“Good company in a journey makes the way seem shorter”

  22. Wonderful interview! I’ve always had so much sympathy for the plight of Tibetans. Reading about it from a young person’s point of view brought home afresh the injustice being done to a peaceful race. May you prevail in your long and patient struggle to regain your homeland!

  23. Well, hello there.
    I’m delighted that you think my writing is worth reading, so thank you.
    I’m now looking forward to exploring who you are and what treasures you’ve chosen to share with the world.
    John Ormsby

  24. Like many of your commentors, my life has been very profoundly touched by the monks of Tibet. They even honored me with a name in your own language, which I believe is spelled “Dham Tseg Drolma”…

    Because I am also very poor, and marginalized by my own society, I can relate to some of your experiences ~ however, I am not missing the most spiritually oriented homeland in all the Earth, where for vacation people go to spin an even BIGGER prayer wheel!

    So I don’t make light of your experiences.

    But you do: you make Light of them.

    From the number of people just in this one post who have written back, “Thank you for finding me,” I see that your suffering is not wasted. That your actual writing is the smallest part of what you are actually accomplishing in this world.

    I’m so sorry you have to miss such a homeland. But without people like you ~ cast adrift like seeds of understanding over this world ~ the rest of us wouldn’t even have a chance.

    Just at the moment, my own activism is taking the form of focused silence, but I allow myself to hope that it may soon be the right time to offer my poetry to this world again.

    In the meantime, I will enjoy yours ~ and add my own little voice to those who say, “Thank you for finding me.”

    Please may be the sun shine extra warmly upon you today, and the birds sing so, so sweetly for you,

    Much love,

    1. Thank you, Ana (དམ་ཚིག་སྒྲོལ་མ། Dham Tsek Dolma) for your warm wishes and kind words. May the light of freedom shines over my homeland very soon, so that we can see the genuine smiles of Tibetans. Wishing you all the best and may you continue to be committed to the things you do as the name speaks.
      Sending you a lot of good wishes from the land of Lord Buddha.
      Best wishes

      1. It is true, the Tibetan people, from the “lowest” to the “highest,” have the most beautiful smiles!

        Blessings in return on your good works, Ana

  25. Thank you, Sonam Tsering, for your moving interview and poem. I believe the links between your writings and your Public Policy work will become apparent in the days ahead. Take heart!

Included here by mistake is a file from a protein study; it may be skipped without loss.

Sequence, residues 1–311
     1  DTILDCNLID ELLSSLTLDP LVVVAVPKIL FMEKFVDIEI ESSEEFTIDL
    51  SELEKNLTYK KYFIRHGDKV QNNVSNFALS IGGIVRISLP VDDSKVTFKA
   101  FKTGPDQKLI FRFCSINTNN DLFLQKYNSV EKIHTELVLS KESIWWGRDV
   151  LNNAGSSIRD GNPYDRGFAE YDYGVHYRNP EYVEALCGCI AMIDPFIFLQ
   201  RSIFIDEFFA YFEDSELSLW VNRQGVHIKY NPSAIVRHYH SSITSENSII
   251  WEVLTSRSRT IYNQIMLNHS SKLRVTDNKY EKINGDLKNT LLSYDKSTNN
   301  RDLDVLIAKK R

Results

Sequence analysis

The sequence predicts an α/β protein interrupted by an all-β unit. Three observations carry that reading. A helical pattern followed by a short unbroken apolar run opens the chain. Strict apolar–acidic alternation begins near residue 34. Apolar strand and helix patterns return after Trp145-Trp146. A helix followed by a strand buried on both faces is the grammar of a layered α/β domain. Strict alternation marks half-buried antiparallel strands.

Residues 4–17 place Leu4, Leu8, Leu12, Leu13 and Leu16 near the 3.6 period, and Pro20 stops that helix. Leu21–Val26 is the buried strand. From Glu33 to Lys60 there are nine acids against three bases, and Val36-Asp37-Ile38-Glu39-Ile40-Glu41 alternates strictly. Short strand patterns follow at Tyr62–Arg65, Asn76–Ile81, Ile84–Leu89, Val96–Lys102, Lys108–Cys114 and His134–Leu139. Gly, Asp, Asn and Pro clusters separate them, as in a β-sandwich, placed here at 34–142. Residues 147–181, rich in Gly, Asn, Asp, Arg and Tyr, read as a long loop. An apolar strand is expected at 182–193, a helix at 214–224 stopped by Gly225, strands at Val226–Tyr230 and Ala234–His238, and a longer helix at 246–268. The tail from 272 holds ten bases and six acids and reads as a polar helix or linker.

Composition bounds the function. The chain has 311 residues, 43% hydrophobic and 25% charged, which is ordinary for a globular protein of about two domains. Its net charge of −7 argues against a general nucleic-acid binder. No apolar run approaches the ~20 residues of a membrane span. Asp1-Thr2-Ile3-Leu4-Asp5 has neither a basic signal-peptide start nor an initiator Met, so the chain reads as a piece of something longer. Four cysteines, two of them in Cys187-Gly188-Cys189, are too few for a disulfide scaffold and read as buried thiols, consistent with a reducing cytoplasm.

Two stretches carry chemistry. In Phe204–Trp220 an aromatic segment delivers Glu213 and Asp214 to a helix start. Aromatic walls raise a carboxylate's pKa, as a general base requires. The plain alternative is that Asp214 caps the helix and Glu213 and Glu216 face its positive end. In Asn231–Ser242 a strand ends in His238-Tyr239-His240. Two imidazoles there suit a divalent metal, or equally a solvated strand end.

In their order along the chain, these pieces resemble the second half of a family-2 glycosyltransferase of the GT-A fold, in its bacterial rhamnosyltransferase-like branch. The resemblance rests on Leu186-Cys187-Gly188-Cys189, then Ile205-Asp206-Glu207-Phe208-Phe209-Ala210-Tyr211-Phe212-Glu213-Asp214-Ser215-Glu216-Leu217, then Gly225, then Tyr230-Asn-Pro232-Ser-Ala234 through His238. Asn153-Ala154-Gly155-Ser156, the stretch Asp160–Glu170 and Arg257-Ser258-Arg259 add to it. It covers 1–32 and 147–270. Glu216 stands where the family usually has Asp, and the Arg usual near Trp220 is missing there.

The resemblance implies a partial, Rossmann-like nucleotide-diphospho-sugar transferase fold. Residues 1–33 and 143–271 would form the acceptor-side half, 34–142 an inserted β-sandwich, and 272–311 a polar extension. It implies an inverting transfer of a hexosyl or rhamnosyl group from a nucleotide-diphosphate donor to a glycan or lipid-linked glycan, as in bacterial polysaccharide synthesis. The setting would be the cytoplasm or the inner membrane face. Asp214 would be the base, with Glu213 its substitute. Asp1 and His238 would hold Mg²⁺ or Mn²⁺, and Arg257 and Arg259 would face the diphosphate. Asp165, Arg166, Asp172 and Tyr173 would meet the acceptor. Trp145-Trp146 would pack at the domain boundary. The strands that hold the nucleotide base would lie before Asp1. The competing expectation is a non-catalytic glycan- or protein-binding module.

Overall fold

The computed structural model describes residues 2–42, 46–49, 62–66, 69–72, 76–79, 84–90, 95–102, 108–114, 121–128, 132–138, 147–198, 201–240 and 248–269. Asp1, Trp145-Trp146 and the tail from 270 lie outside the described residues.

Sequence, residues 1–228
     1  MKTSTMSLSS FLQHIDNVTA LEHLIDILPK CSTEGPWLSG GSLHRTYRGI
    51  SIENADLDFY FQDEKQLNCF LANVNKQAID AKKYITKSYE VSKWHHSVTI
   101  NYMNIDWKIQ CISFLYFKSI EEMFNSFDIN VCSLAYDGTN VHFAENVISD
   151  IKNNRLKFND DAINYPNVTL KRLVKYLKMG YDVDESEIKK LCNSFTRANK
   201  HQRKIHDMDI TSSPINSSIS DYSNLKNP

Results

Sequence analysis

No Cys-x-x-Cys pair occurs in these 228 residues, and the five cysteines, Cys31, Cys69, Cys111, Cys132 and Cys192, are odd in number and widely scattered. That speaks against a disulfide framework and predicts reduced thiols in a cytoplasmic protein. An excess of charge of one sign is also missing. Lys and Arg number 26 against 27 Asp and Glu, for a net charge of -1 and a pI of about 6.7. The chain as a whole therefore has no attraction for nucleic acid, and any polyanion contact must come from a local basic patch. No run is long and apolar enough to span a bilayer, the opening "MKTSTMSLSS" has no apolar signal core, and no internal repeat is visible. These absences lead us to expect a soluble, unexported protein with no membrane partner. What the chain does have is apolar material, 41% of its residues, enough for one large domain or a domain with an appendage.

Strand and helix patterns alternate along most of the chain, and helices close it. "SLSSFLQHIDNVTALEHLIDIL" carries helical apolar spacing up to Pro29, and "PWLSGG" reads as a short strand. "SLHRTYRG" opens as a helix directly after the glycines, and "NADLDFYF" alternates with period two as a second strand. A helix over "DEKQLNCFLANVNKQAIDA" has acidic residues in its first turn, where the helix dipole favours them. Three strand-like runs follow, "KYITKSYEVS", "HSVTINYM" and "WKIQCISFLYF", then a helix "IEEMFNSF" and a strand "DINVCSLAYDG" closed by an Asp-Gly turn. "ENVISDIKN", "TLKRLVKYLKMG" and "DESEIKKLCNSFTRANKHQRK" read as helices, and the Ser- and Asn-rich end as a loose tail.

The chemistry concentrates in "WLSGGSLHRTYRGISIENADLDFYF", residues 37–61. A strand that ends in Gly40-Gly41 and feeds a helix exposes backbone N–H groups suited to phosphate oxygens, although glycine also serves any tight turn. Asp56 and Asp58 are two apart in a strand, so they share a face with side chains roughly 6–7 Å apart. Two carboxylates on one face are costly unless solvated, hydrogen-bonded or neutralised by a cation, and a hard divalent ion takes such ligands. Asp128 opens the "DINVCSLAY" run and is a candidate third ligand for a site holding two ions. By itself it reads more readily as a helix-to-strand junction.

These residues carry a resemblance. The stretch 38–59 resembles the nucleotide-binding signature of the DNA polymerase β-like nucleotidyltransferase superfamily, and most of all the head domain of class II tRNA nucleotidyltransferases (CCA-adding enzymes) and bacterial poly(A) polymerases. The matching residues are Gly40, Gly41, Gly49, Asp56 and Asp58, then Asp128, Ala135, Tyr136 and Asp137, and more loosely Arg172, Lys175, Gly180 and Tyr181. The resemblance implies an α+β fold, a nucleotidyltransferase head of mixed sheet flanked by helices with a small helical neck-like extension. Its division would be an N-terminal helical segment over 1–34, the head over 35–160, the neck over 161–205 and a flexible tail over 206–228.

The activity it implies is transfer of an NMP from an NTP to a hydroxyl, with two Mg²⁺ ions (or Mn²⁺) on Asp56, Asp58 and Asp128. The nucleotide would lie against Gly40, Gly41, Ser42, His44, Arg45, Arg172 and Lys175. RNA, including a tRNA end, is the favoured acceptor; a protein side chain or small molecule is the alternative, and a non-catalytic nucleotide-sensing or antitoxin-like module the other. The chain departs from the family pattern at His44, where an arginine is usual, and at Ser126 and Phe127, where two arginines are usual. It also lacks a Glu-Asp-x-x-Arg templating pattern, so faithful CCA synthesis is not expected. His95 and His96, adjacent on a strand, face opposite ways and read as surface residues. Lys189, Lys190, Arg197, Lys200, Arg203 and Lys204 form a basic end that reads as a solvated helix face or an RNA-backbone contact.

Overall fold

26. I read this interview and appreciate the feelings of Sonam. He lives Tibet in his heart, in his dream. I support his cause. I have a deep connection with Tibetan people. My ancestors were traders with Tibet before 1962 and they had many good friends there. I wish Sonam good luck in his struggle.

  27. This is a beautiful and insightful interview, Thank you for sharing it, I have been blessed to visit Tibet on two occasions and was struck by the beauty of the country and the Tibetan people whilst at the same time horrified at what the Chinese government have done. Tibet and it’s people hold a very special place in my heart, and I pray that one day you will be free again. Good luck with all your studies!

    1. Thank You Ruth Milington for going through my interview, and so glad to know that you have been to Tibet twice. It’s almost 20 years by now that I haven’t been to my homeland. I am still fighting for the cause and hope it will be resolved soon and retain the rightful independence of Tibet. Hope the time will come soon enough to see my parents before their wrinkles roll down to their eyes.
      Thank you for your best wishes!
      Sending you a lot of good wishes for your health and happiness from the land of Lord Budha.

  28. One of the best things you can do is talk and write and your blog is clearly helping to spread the message. When Mandela walked free from prison after 25 years, nobody would have ever imagined that day and even less so to witness him become president not long after. So, where there is life, there is hope. Tibet is not forgotten. May you return home a free man in Tibet.

    1. Thank You Sabia for the wonderful word of hope and inspiration. Hopefully, the day will come soon enough before the beautiful land of Tibet is destroyed down to ashes by the CCP. May the Justice be prevailed and the truth be victorious.